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Photo: Mihai Surdu (Unsplash)

Forget hurricane Harvey – there is another Harvey in town, one whose decades-long trail of havoc will hardly get any relief. Enter Mr. Weinstein, CBE, a self-made man, known for his day job of producing and distributing films in Hollywood. Weinstein and his company Miramax left an imprint on the early 90s independent movie scene by heralding cinematic milestones, including Sex, Lies and Videotape, The Crying Game, Pulp Fiction and Clerks (go see those movies if you have not), as well as ringing in the mainstream success of moviemakers, such as Silent Bob, Steven Soderbergh and Quentin Tarantino. While the big sharks eventually swallowed Miramax, Weinstein produced a decent heap of Oscar-worthy material, becoming a ubiquitous movie mogul in the process.

Published in Sixth Sense
Friday, 27 April 2012 06:09

Hollywood with a French accent

Cinema is a narcissistic art and we love it for that. Somehow, some of the best films in history have been films on films. That's also the case with this year’s Academy Award winning (Best Picture, Best Director, Best Actor, Best Original Score, Best Costume Design) "The Artist."

Michel Hazanavicius is known for his talent for remakes and reinterpretations such as his spy movie parody series "OSS 117" or "La classe americaine" - a TV movie made entirely from extracts from old Warner Bros. films. In his newest production the French director boldly approached the silent cinema genre. The film, based on the well-known theme of fading silent movie stars and the rise of talkie celebrities (see: "A Star is Born", "Sunset Boulevard", "All about Eve" and "Singing in the Rain") is full of references and quotations from classic cinema. At the same time, it's far from being a hermetic homage to cinema meant for movie freaks.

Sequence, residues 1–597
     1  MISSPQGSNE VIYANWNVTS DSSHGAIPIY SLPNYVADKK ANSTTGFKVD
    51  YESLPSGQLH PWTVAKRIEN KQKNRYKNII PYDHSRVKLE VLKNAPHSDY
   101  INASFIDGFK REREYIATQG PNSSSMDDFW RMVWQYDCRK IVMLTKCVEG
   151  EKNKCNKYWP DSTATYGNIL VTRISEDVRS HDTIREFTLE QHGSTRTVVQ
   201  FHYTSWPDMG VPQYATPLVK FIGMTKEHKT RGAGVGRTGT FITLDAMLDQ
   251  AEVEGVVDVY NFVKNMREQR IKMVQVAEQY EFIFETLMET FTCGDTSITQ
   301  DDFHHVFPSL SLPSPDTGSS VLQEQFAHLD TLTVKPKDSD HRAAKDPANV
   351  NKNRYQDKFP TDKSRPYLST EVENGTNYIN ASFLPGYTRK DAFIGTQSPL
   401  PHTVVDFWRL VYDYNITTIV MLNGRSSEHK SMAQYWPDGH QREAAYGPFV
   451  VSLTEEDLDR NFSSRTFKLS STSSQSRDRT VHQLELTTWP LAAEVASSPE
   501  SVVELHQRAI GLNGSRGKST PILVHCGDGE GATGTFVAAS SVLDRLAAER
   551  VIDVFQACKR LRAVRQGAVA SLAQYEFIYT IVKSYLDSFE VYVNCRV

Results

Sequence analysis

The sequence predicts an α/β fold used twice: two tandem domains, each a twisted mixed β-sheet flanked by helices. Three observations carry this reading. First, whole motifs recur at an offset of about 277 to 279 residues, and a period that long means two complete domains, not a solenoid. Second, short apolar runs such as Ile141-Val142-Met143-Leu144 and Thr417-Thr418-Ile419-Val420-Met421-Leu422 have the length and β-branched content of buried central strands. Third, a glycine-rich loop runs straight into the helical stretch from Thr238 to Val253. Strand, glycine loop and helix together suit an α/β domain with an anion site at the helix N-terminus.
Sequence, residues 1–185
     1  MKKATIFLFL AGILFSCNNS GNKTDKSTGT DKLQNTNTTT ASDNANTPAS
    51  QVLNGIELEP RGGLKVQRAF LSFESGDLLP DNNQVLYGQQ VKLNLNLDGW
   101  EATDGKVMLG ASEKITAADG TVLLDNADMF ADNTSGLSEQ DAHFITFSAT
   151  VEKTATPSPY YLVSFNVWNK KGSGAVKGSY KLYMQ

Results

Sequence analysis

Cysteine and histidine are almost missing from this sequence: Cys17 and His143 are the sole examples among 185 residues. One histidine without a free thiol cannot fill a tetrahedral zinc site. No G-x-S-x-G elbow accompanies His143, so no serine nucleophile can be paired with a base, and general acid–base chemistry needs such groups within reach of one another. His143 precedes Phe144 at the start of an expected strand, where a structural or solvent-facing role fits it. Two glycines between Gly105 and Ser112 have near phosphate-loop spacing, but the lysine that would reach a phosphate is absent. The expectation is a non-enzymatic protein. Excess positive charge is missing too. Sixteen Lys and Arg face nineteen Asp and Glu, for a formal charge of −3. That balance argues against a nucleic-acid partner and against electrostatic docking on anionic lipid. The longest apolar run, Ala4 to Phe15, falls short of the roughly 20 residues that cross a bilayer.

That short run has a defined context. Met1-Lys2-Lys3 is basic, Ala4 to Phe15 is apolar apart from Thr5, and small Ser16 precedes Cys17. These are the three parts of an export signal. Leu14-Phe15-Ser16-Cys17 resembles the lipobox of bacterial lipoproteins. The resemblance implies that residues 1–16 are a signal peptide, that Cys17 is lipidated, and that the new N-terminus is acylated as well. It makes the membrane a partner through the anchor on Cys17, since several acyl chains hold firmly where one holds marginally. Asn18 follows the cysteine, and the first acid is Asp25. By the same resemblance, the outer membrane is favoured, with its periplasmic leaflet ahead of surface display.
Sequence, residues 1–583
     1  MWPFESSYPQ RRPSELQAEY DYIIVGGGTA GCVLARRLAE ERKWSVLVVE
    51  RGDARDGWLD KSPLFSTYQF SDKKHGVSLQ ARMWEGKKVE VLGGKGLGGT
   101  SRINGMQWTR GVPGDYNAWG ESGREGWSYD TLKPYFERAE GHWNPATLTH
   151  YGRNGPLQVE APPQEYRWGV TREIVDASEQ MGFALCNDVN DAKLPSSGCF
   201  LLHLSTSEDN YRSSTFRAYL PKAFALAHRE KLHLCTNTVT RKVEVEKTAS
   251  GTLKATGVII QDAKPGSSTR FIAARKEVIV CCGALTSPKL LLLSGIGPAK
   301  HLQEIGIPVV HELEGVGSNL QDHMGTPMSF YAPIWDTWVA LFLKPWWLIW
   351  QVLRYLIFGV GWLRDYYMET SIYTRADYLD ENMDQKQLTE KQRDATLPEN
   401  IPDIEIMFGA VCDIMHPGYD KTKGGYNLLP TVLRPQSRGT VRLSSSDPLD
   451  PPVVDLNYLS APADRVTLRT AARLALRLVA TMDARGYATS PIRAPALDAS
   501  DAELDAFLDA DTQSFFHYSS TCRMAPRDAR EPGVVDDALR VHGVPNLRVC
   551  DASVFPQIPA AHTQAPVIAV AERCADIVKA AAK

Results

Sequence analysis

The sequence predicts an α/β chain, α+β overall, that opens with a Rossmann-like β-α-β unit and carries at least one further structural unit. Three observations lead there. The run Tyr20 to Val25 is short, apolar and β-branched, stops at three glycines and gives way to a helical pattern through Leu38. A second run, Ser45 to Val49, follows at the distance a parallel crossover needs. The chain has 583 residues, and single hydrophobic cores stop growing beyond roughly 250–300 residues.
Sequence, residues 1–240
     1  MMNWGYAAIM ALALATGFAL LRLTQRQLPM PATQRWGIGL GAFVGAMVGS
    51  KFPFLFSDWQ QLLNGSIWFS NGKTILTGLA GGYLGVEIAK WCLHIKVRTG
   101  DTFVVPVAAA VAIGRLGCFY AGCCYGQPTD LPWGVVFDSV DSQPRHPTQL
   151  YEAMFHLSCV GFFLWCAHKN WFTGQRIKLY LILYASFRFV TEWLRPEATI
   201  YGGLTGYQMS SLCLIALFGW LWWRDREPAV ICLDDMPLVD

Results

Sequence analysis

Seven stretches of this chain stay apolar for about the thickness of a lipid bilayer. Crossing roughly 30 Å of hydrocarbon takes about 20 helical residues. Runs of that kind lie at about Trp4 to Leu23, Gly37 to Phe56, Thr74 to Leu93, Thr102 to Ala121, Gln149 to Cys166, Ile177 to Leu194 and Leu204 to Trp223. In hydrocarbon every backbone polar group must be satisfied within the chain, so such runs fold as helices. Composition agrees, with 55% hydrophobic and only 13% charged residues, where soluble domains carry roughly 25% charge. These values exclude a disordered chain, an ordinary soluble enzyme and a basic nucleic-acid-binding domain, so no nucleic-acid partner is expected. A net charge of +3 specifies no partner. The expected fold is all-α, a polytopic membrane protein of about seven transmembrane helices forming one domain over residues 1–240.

The success of "The Artist" seems especially spectacular if we take into account that this season the big screens hosted two films referring to early cinema history. "The Artist"'s rival was Scorsese's "Hugo"; a 3D production set in Paris at the times of Méliès. Both building on the enchantment of old cinema, the films opted for entirely different types of narration to create an image of silent cinematography's charm. While Scorsese's film assumes and makes use of all the benefits of film technology and special effects in order to revive and visualise the magic of cinema, "The Artist"'s minimalist form praises cinema for its ability to generate poetry through realism.

"The Artist" is not a silent movie, it's a pastiche, and a very intelligent one.

The success of "The Artist" lies precisely in the fact that the film is not what it seems to be; it's not an imitation. Making a classic silent black and white movie in the era of 3D would simply be a pretentious anachronism. But "The Artist" is not a silent movie, it's a pastiche, and a very intelligent one. Pastiche variations on earlier works can serve as creative platforms for writers and artists to confront the past and the present in intertextual games; in "The Artist" this confrontation occurs in the particularly paradoxal construction of a silent film on the rise of sound films.

Published in Cafe Cinema
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